The Pew Research Center released a survey last week that investigated the circumstances under which U.S. citizens would share their personal information in return for getting something of perceived value. The survey found that only 27 percent of respondents found the proposed exchange for smart thermostats “acceptable”—the lowest of all of the technologies in the study—a surprising result given the rising popularity of this technology. While some have begun suggesting this shows that consumers are ambivalent about smart homes, a closer look at the survey shows that the result is anything but surprising.
In the study, Pew set up six hypothetical scenarios about different technologies—including office surveillance cameras, health data, retail loyalty cards, auto insurance, social media, and smart thermostats—and asked respondents whether the tradeoff they were offered for sharing their personal information was acceptable. For smart thermostats, Pew offered this scenario:
“A new technology company has created an inexpensive thermostat sensor for your house that would learn about your temperature zone and movements around the house and potentially save you on your energy bill. It is programmable remotely in return for sharing data about some of the basic activities that take place in your house like when people are there and when they move from room to room.”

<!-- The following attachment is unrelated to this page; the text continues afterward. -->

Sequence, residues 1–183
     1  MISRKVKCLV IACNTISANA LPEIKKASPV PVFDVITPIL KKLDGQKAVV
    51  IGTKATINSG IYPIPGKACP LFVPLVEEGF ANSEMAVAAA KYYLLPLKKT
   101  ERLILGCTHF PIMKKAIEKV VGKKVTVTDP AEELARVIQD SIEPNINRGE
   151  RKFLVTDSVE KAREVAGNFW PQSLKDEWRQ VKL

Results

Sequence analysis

Given how the survey describes the scenario, it is not surprising that respondents did not find the so-called “bargain” acceptable. After all, the consumer benefit here (savings money) is only described as being “potential” but the alleged loss of privacy is definite. Indeed, in this scenario, there is very little incentive to participate. For what it is worth, in its marketing materials, the home automation company Nest states that its popular smart thermostat saves the average customer 10-12 percent on heating and 15 percent on cooling.
Moreover, the tradeoff set up in Pew’s question does not reflect the reality of how smart thermostat companies share data. Based on Pew’s description of how smart thermostats collect data, many respondents might believe that they are required to share with other people information about when they are home or what they are doing inside their home. But all of the major smart thermostat companies—Nest, Honeywell, and Ecobee—have strict privacy policies to protect consumer data. For example, Nest asks permission from customers before sharing any data, and even when they share that information, it is almost always for the customer’s benefit, such as to connect to another smart home device of the customer’s choosing. Customers can still use Nest’s smart thermostat even without consenting to these additional sharing permissions. Even after consumers give Nest permission to share, they can revoke that permission at any time. While there are some legitimate critiques of these devices as companies continue to work out the bugs, careless distribution of consumer data to third parties is not one of them.
Given the new slate of gadgets for the home on display at the Consumer Electronic Show (CES) this year, it looks like the age of the smart home is only beginning to arrive. While some consumers may not yet adopt smart home technologies, cost and features will likely be the most important factors in this decision. This most recent Pew survey is not compelling evidence that Americans have strong privacy fears about technology in the home, but rather it is a reminder that consumers are savvy shoppers and they still want a bargain.
Alan McQuinn contributed to this article.
Photo credit: Wikipedia user UpstateNYer